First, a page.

Soon my supply was increasing, and the nurses were amazed as I kept bringing down bottles full of milk. As my baby grew stronger they asked if they could start giving bottles, so they could wean her off the NG tube, but I made it clear that I wanted to feed her from my breast. Again, I was told we would never achieve breastfeeding but that I could try her at the breast and then they would offer her a top up in a bottle. However, this wasn’t good enough for me, we would prove them wrong again, because I knew that she could get this breastfeeding lark, we just needed time.

When I held her to my breast I felt calm, and safe. The terror went away, and the fear eased.

So, after two weeks I was discharged from the ward and my mission now was to be at the unit 24/7. The staff agreed to leave in the NG tube while I was trying to establish breastfeeding so that they could top up feeds if needed. So, I basically moved in. Every moment I could, I placed my tiny baby to my breast. It was terrifying, I had no idea what I was doing, she still had wires everywhere and the machines would beep and go crazy, but slowly I found a way to hold her and she would open her tiny mouth and latch. It filled me with the most amazing feeling, to know that I was caring for my baby this way. When most of her care was out of my hands, this was something I could do.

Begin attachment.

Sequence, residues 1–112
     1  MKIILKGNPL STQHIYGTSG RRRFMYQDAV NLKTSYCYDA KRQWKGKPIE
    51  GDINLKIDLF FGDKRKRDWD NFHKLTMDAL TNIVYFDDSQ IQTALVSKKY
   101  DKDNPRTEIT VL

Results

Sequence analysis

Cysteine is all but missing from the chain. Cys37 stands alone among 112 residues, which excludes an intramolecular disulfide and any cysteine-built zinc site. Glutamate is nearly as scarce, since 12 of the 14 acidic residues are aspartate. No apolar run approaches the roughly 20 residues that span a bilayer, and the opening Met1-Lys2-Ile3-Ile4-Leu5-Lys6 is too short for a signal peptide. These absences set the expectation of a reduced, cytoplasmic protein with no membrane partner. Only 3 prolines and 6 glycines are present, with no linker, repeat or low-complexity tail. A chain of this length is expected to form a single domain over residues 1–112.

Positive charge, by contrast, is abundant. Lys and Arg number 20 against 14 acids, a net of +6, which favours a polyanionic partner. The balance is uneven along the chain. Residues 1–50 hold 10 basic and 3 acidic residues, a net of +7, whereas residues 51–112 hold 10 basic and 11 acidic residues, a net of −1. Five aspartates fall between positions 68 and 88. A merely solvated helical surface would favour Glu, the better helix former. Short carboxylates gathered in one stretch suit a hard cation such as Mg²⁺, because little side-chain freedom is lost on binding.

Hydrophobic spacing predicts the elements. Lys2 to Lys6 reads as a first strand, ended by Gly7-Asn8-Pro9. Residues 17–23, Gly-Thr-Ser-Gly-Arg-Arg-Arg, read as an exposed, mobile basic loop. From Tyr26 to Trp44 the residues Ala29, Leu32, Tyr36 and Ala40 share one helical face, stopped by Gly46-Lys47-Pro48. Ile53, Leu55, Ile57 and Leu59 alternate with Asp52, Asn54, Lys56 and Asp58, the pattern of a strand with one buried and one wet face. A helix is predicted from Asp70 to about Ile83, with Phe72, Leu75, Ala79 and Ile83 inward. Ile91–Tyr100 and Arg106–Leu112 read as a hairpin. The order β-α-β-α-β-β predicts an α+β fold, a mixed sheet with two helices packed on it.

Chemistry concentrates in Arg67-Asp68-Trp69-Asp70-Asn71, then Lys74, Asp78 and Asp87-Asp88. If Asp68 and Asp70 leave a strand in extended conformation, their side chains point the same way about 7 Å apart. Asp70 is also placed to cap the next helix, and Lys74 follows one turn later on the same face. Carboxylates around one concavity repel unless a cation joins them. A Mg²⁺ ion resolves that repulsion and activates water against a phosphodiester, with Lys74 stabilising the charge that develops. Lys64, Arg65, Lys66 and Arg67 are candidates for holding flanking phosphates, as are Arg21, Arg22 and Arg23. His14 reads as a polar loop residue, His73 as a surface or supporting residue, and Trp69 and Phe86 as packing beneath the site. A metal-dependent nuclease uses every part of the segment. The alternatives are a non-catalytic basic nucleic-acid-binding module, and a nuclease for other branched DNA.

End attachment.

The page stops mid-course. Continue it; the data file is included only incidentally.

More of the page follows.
After two nights in the chair next to her cot, the staff knew I was going nowhere and I was given the tiny room on the unit that was only big enough to contain a bed and a tiny sink, but I was so grateful. I was just about able to walk very small distances, so it meant I had a place to rest at night till I was called to her bedside. I was watched by the staff like a hawk, and she was weighed daily. Many times the staff and family suggested I be kind to myself and take it easy and add in some formula. They said she wouldn’t gain weight as fast on breastmilk and it would take longer for us to go home. But I was determined and so was my little baby. She worked so hard, and she would open her eyes and gaze at me like she was willing me on and telling me she could do this.

So, it began, my breastfeeding journey, my lifeline. When we both finally went home, 5 weeks after her birth, my baby was fully breastfeeding, to the amazement of the staff. Together we overcame a traumatic, premature birth that nearly cost us both our lives, massive blood loss that should have robbed me of my milk and transitioning to fully breastfeeding when no one said we would. Even when we got home it wasn’t easy and we battled oversupply, awful colic, mastitis and tongue tie. But together we made it; for 15 months I fed and nourished my baby and she thrived, she put on weight and despite me being told to expect her to be behind in developmental milestones, to everyone’s amazement she was instead ahead. In fact, my little girl, even though only tiny, was walking at nine months.